Book Review: Homesick: A Novel
Eshkol Nevo’s debut novel, a bestseller in Israel that has garnered international acclaim in translation, presents a distinctively young and fresh image of contemporary Israel. When young lovers Amir and Noa decide to live together, they choose an apartment in Maoz Ziyon—an easy commute for Amir, a psychology student at Tel Aviv University, and for Noa, who studies photography in Jerusalem. They move in and slowly try to figure out a shared life in their first shared home. These young people care about music, art, and sports, have doubts about their career choices, and alternately rejoice in and struggle with this new entity they call “Noaandamir.”
Set shortly after the assassination of Prime Minister Yitzhak Rabin, the novel notes the heavy political climate, with conflicts between religious and secular Jews and terrorist bombings making everyone reach for their cell phones to locate loved ones. But Nevo also does not want us to forget the normal parts of everyday life in Israel, the things that make Israel a vital society. Homesick is first and foremost a novel about relationships.
Amir and Noa befriend a variety of people in their new neighborhood, beginning with Moshe and Sima Zakian, in whose house they’ve rented an apartment (Moshe’s parents, elderly Kurdish Jews, live upstairs). The Zakians are a happily married couple, but soon they are quarreling bitterly, due to pressure from Moshe’s older brother, an Orthodox rabbi, over whether to send their children to a secular or religious school. Across the yard, another family is mourning the death of its elder son in Lebanon; the younger son, 10-year-old Yotam, escapes the silent sadness of his home with frequent visits to Amir and Noa’s apartment to play chess or watch soccer games with Amir.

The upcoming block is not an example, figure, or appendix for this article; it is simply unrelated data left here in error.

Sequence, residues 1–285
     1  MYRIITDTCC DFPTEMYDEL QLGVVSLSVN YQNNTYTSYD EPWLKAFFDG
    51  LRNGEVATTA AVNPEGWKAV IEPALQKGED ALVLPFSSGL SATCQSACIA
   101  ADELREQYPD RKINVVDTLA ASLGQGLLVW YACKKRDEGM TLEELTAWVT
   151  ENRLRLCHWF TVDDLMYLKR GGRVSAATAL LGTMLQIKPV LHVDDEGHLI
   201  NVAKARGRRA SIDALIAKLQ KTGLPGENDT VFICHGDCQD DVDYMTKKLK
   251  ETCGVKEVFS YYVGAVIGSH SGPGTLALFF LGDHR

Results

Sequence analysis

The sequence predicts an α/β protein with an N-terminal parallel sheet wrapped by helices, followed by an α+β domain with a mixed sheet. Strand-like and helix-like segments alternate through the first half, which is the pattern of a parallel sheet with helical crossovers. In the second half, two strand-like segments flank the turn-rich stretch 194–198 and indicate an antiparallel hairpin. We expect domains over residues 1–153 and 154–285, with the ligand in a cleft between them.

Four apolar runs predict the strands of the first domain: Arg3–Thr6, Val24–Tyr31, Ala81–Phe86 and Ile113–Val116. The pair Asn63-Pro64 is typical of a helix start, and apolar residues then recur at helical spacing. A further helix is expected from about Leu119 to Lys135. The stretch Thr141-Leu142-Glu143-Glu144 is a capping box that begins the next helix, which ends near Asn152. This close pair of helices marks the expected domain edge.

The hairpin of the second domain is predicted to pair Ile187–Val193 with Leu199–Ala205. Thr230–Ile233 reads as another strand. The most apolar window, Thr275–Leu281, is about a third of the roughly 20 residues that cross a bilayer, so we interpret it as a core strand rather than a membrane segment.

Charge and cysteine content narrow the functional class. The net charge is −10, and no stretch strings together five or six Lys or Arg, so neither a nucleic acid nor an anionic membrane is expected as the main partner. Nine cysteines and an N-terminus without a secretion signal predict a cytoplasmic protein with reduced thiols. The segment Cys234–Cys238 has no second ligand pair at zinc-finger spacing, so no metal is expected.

Meanwhile, Saddiq, a middle-aged Palestinian construction worker, recognizes Moshe and Sima’s house as his childhood home and wonders how he can enter it to look for a family heirloom. He prowls around the neighborhood, at one point terrifying Sima’s mother-in-law, who drops her grocery bags in the street and runs. But when Saddiq subsequently breaks into the house, he is embraced with joy by Moshe’s aged father, Avram, who takes him for his firstborn son, a child who died shortly after his emigration from Kurdistan. As the family frantically summons the police, Saddiq and Avram share a tragicomic moment laden with overtones of “homesickness” for both.
By turns funny, poignant, and deeply humane, Homesick explores quintessential elements of the human psyche—longing, and the capacity of people to connect on an emotional level. This novel does not have a single narrator, but is written in a “polyphonic style,” where the characters tell their own stories in alternating, sequential monologues. It is also one of the first contemporary Israeli novels to include a Palestinian narrative voiced by a Palestinian character. Author Eshkol Nevo was awarded membership in Israel’s Cultural Excellence Foundation in 2008.
Bonny V. Fetterman is literary editor of Reform Judaism magazine.